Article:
What the hell, another comment on the oddness of the current press moment.
Here are Shields and Brooks, interviewed as they are regularly by Judy Woodruff on PBS. Though staking out left field and right field respectively, the two are gentlemanly to a fault, agree with each other a lot in a charming Alphonse and Gaston sort of way, and are particularly united in their distaste of Trump and Trumpism. Mostly that has involved joint harrumphing and eye rolling, all jovial enough since they have seemed to assume, in the manner of Remainers, that our own version of Leave cannot win. But recent circumstances have resulted in the possibility of a reversal of fortune. How will the mainstream press deal with the need to cover a possible new reality in the polls, and in Trump’s prospects?
S&B provide one answer in the video. They start out cheery enough but by around minute six the clouds darken. They are compelled to provide commentary on vexing issues like Comey’s non-indictment indictment of Clinton, the impact of the Nice attack, the practical selection of Pence as VP, and recent movements in the polls. They are more or less forced to acknowledge that Trump is the beneficiary of events, and is doing . . . . well, well.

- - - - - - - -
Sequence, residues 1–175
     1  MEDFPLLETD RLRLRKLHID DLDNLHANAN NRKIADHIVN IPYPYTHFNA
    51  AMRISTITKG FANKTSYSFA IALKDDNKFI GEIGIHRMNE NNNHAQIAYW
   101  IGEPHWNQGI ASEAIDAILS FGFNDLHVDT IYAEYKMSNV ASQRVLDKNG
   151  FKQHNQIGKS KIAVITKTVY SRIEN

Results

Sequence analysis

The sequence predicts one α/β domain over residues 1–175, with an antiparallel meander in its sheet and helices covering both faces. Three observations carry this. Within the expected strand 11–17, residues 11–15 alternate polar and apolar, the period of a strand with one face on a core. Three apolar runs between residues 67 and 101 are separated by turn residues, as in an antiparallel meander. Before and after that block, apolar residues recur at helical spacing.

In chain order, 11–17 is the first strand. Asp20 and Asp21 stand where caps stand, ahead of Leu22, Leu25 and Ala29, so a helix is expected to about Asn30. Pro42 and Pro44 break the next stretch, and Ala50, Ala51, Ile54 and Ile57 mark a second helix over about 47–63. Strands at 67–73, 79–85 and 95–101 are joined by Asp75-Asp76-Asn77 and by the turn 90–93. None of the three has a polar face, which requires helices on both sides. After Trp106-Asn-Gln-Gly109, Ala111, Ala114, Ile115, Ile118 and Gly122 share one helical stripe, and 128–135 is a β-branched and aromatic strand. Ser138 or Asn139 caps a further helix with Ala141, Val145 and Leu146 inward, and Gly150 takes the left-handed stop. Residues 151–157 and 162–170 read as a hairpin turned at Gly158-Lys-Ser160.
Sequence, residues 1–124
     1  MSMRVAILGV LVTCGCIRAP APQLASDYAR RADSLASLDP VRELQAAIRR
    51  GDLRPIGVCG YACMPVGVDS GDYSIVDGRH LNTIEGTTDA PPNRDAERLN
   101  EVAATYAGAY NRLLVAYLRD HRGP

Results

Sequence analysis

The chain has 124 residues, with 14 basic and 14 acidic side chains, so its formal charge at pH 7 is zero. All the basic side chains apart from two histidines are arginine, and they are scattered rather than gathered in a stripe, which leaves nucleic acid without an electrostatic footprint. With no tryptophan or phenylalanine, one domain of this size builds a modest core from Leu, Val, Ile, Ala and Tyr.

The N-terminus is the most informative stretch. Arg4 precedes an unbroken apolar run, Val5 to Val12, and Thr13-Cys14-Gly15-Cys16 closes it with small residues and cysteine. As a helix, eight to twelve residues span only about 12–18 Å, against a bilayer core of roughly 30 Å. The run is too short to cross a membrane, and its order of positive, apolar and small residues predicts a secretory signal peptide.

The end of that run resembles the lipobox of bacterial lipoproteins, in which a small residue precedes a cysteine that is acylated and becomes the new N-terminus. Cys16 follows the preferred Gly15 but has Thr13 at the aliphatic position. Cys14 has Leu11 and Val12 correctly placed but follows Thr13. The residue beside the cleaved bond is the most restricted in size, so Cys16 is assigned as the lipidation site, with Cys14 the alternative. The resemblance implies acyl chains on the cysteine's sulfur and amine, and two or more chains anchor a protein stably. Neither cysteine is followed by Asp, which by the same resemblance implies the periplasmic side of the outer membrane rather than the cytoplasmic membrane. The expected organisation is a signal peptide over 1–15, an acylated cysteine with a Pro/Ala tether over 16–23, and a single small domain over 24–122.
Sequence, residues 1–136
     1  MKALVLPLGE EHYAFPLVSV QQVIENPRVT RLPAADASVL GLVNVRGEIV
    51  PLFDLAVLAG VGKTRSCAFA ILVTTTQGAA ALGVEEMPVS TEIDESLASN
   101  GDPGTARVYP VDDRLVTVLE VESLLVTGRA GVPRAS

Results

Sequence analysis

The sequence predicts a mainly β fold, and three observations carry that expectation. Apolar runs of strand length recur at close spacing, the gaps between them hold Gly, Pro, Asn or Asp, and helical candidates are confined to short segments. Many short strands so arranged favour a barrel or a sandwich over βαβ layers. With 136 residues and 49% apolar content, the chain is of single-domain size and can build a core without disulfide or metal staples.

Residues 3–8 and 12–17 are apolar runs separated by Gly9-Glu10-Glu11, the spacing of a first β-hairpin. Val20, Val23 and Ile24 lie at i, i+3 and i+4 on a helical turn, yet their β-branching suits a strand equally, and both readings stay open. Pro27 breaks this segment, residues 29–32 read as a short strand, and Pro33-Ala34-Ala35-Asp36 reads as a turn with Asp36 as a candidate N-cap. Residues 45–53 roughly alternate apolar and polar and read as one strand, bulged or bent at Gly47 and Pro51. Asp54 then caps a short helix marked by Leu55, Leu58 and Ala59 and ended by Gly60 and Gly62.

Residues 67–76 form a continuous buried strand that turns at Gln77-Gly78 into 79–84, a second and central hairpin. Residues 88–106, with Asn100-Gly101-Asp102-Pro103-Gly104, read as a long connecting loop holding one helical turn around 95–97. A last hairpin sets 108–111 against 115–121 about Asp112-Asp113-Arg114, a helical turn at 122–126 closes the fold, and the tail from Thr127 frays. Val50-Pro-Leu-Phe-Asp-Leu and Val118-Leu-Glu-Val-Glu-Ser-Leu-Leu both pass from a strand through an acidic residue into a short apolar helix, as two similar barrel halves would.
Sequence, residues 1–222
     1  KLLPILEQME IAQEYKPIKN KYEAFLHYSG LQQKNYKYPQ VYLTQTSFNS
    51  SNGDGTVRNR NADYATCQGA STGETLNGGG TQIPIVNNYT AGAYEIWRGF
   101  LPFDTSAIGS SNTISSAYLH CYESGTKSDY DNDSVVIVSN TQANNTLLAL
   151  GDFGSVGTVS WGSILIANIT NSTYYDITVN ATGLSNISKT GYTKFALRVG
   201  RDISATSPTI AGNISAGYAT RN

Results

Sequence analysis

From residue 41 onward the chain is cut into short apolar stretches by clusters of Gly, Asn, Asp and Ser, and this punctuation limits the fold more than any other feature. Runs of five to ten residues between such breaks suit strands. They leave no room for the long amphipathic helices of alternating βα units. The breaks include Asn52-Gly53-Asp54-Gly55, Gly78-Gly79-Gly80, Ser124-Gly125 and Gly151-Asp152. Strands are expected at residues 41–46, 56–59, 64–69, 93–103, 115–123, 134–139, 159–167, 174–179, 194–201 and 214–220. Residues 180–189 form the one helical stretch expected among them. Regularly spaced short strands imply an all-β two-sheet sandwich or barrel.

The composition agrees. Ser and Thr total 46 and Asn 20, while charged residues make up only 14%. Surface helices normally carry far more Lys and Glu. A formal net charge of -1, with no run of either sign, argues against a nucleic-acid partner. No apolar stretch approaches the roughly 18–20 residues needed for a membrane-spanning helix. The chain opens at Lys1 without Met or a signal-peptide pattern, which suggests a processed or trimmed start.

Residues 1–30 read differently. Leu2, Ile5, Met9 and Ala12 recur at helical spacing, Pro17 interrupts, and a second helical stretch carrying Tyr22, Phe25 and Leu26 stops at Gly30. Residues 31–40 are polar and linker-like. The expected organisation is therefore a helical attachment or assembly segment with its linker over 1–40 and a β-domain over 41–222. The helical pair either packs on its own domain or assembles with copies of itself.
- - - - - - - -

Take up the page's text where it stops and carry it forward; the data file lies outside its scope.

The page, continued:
Woodruff, hoping to help out with a return to the accepted narrative, chimes in at one point to remind Shields that while the Nice truck driver was Tunisian there has been no evidence presented of a suspect Islamic motivation. But to this Shields remarks ruefully (and accurately) that, look, Trump’s message is one of nationalism and it does not make much difference if the guy was pissed off on account of a bad divorce or whether he was bound for glory. Good for Shields that he is many cuts above the usual TV spinners, and that he, like Pat Buchanan from time to time, is willing to make observations that can be inconvenient from a purely partisan perspective.
Still and all, it can’t be easy. Much simpler to be bought and paid for. And so you can see the effects of the events of the week wearing on the two as they attempt a recap that is not corrupt. The tone of the second half of the interview is . . . what is the word? . . . . elegiac? You get the feeling that all three of them, Woodruff included, sense something is slipping away.